Like a well-written piece of literature, Coco also illustrates the power of choice and detail. The film’s opening and closing titles are snipped from papel picado and lush marigold petals cover the Land of the Dead’s walkways. Elements of ofrendas and their significance are explained well, Oaxacan alebrijes fill the skies, and celebrity sightings in the other world include La Catrina, lucha libre hero El Santo, and the revered Frida Kahlo. When Miguel acts up, his abuela threatens him with a chancla only to be smothered with the kind of exorbitant adoration reserved for only the most chiqueado. Miguel’s special canine companion, Dante, is even depicted as a Xolotzcuintli, which is a pre-Hispanic breed that can be traced to Aztec traditions and is believed to carry higher powers. And as the animation team explained in a brief foreword before the film, thousands of buildings and 8.5 million lights are sometimes jam-packed into a single frame. No touch is too small for Coco.
In an interview with NPR’s Mandalit del Barco, Unkrich admits (in so many words) that the public backlash in 2013 put a fire under their ass to do better and pay closer attention to details. While people who use social media to speak out against oppression are often dismissed as “snowflakes” or “social justice warriors” by people who disagree, the 2013 critiques demonstrate the power of collective voice and the possibility of change. Rather than stewing in defensiveness, Unkrich and his team chose to listen and enact change. They spent six subsequent years closely visiting with families in Mexico, observing plazas, and partaking in traditional Day of the Dead festivities. Instead of attempting to tackle the holiday from an exclusively outsider perspective, Disney-Pixar created a team of competent cultural consultants including outspoken Chicano artist, Lalo Alcaraz, who is known for his social commentary against corporations like Disney, and Mexican Institute of Sound’s Camilo Lara. Their commitment to authenticity and research is evident, although there have been poignant critiques calling out an erasure of Indigenous identity and perpetuation of classism in the film, as noted by Binnizá writer Eren Cervantes-Altamirano. Additionally, a sorely out-of-place short with Frozen characters before the film, sometimes corny over usage of skull imagery, and unnecessary, cringeworthy incorporation of border politics and bureaucracy show room for improvement, but in a climate that is starved for representation, many Mexicans and Latinxs have clung to the film’s strengths. While Coco isn’t perfect, the film is proof that it’s possible to stay on the right side of the line between cultural appropriation and appreciation.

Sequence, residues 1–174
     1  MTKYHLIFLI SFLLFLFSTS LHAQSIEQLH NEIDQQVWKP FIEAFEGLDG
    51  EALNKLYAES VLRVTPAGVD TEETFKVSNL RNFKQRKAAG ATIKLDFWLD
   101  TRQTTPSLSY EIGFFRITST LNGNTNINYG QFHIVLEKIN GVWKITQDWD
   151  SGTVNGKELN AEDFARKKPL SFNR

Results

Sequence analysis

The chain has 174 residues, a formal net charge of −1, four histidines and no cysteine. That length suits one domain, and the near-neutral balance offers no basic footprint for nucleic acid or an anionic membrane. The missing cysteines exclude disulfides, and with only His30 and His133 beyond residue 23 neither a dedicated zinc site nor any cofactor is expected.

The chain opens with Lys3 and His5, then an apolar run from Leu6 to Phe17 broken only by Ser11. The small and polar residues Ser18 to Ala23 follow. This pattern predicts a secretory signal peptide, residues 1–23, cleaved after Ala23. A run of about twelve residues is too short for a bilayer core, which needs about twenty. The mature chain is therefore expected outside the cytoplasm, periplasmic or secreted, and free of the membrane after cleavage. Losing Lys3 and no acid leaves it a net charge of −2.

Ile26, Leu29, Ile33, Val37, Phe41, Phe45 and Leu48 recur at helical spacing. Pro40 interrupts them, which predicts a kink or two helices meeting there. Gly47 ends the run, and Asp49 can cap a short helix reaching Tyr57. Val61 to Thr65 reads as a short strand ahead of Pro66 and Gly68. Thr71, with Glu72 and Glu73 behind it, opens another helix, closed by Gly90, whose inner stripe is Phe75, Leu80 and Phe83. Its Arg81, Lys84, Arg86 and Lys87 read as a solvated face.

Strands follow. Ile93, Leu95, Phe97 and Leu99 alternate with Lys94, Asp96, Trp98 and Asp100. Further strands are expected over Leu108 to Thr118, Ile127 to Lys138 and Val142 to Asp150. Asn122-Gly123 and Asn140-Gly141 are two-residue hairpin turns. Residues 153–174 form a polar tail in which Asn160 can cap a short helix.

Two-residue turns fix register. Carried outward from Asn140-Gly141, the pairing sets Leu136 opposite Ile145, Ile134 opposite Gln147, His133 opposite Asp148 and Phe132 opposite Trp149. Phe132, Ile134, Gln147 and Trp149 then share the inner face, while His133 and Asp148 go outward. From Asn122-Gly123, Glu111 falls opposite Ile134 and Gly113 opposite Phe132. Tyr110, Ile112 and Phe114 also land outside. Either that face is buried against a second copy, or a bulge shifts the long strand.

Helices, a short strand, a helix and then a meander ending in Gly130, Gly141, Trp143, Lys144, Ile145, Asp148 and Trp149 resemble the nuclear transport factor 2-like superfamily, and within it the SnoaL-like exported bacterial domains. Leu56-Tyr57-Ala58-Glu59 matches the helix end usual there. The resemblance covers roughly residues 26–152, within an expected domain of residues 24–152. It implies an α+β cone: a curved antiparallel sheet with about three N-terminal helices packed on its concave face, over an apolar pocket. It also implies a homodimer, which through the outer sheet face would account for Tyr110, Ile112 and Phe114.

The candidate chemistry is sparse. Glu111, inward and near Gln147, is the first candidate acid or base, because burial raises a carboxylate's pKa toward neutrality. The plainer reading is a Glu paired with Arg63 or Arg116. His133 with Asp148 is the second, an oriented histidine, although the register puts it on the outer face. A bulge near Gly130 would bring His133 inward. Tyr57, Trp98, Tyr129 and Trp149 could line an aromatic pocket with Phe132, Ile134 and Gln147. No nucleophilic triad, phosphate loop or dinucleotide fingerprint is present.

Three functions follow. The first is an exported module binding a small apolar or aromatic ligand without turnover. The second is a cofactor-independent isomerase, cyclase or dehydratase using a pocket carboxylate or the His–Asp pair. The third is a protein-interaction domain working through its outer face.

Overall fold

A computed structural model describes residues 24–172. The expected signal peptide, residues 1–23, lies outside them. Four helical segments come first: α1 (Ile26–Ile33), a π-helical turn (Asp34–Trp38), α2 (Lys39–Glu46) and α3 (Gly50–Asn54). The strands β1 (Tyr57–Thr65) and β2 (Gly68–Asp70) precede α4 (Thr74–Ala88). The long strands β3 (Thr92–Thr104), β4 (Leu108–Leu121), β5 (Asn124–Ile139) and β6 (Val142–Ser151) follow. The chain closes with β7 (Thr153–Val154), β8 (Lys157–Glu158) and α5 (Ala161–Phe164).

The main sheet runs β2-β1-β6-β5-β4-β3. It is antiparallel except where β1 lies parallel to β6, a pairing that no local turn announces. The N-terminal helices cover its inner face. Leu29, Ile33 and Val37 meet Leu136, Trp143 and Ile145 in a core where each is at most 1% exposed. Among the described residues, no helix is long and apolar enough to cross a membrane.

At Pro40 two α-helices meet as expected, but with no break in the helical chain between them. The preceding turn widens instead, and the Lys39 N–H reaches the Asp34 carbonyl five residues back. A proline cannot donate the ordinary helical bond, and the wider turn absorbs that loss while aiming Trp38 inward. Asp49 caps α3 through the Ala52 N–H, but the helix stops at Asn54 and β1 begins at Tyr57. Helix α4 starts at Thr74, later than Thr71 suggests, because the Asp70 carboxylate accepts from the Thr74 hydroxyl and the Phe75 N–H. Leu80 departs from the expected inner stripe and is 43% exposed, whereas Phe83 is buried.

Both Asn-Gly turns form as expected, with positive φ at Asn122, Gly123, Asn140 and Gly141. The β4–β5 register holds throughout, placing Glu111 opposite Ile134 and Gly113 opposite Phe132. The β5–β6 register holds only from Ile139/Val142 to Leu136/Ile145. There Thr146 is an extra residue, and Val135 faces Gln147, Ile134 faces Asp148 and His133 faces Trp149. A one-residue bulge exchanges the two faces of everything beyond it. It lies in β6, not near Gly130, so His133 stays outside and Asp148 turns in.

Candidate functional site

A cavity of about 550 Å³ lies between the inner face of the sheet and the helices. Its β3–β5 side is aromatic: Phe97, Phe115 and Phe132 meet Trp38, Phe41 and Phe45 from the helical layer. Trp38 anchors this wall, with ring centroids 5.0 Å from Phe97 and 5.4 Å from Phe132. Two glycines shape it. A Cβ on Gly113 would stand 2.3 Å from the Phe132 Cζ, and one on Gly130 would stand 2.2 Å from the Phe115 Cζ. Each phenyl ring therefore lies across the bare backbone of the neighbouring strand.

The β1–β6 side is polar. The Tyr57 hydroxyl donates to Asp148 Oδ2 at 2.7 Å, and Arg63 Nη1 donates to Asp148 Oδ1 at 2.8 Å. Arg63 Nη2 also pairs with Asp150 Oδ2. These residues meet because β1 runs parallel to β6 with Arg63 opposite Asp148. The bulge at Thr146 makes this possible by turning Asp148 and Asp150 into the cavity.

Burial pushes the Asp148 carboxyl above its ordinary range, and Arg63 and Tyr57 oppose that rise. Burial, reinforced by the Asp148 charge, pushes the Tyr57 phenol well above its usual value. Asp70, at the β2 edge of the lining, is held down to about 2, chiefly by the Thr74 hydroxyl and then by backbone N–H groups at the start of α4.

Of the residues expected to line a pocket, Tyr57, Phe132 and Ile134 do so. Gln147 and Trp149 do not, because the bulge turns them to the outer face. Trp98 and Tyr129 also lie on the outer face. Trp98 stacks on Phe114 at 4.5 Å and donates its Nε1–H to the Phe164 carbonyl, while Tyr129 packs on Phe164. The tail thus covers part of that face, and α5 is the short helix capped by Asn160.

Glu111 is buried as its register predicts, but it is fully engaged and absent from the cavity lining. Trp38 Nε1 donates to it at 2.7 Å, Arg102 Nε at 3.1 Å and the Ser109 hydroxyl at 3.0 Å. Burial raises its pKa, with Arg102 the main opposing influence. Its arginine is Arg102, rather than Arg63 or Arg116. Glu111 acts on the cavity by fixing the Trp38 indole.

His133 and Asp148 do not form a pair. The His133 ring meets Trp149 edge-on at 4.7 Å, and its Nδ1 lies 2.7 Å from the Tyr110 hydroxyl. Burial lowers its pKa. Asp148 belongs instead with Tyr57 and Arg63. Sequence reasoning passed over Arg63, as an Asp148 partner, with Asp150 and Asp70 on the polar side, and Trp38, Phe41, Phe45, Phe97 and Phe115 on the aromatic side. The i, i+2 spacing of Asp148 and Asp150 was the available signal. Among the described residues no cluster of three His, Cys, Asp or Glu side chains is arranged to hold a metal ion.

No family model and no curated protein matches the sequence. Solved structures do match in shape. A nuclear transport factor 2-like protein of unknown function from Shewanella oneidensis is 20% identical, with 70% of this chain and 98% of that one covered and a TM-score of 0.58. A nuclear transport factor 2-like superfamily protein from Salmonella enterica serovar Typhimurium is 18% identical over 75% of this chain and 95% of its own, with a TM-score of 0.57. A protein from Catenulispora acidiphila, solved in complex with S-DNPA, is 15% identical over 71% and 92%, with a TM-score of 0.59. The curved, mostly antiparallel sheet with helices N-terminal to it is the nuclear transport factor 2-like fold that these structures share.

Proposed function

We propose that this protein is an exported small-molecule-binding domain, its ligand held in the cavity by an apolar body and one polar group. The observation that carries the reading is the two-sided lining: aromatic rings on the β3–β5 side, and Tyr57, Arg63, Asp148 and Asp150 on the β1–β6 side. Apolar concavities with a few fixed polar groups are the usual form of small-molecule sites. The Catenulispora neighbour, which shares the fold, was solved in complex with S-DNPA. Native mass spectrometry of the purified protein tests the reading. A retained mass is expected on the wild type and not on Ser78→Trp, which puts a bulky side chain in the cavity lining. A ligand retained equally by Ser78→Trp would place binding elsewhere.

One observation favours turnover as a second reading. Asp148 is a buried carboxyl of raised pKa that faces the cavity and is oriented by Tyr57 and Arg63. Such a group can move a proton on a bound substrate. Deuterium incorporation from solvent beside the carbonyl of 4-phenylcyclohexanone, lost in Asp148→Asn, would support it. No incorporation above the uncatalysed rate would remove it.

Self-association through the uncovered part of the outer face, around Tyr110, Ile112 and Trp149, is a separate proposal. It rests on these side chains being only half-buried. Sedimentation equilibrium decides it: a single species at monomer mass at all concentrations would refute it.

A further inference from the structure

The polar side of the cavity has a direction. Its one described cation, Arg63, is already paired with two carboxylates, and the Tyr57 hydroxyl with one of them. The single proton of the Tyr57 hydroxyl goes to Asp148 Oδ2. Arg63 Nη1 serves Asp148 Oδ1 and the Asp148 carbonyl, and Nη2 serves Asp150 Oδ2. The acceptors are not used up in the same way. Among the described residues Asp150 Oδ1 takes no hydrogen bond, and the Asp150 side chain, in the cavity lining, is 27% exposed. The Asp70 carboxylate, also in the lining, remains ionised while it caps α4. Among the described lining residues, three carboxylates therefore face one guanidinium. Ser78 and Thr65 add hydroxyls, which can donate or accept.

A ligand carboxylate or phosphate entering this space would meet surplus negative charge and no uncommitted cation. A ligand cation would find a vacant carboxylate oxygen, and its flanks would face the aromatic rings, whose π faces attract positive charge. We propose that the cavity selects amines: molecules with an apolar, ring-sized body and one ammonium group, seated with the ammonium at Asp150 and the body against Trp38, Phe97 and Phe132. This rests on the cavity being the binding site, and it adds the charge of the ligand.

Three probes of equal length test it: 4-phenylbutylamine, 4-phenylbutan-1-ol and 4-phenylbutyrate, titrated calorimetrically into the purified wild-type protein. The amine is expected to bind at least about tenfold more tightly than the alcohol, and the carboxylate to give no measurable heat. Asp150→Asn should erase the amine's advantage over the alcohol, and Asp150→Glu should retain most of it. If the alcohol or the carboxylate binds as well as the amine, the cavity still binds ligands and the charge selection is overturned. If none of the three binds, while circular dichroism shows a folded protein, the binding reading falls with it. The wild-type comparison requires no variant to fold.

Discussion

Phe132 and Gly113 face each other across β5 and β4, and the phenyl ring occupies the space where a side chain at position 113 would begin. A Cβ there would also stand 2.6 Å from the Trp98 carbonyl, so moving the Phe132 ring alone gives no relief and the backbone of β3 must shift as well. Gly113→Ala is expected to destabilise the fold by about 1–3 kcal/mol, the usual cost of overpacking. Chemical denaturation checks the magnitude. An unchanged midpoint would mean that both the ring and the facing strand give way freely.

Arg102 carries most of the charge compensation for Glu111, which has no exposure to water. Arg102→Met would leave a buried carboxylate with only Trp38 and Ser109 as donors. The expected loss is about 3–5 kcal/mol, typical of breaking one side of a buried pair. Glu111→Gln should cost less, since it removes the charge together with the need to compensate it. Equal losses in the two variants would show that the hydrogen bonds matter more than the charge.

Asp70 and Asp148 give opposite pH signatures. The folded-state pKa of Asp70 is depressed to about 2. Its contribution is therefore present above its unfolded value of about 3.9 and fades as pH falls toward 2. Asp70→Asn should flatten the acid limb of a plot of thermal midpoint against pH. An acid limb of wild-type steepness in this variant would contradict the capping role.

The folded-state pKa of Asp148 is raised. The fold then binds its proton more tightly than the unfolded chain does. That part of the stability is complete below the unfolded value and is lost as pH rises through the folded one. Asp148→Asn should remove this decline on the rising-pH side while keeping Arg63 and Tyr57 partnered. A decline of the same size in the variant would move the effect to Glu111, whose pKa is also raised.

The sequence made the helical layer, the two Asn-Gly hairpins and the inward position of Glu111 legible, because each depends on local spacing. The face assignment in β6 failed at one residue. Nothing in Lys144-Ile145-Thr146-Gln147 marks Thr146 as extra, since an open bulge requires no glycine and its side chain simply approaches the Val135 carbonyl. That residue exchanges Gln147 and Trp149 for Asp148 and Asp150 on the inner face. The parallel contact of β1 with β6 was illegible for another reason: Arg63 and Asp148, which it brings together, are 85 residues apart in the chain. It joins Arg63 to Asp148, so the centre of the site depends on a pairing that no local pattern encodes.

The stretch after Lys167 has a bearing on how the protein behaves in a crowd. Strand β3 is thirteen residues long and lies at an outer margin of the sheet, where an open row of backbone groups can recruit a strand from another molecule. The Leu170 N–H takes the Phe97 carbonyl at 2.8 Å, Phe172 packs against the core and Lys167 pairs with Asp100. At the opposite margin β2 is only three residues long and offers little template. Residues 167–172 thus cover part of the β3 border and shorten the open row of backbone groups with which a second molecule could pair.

Beyond being a visually stunning and strong depiction of dominant Mexican culture, Coco reminds us all of the importance of celebrating love and lineage. When Miguel is able to immediately identify all of his family members after he enters the Land of the Dead thanks to years of seeing them on the Rivera altar, it makes me wish my own family had the means to keep better records and archival photographs. Coco encourages conversation and rather than mistakenly calling it a film about dead people, it is a film that inspires people to openly speak about those who have passed and keep their spirits alive through storytelling. Growing up in the United States, I’ve witnessed the way death is still largely taboo and something to be feared. And even as many Latin Americans are afraid that the commercialization of Día de los Muertos will cheapen its meaning (myself included), I’m happy to share this tradition and trust that so long as we continue to push for respectful and accurate portrayals like Coco and beyond, its legacy and significance will remain alive.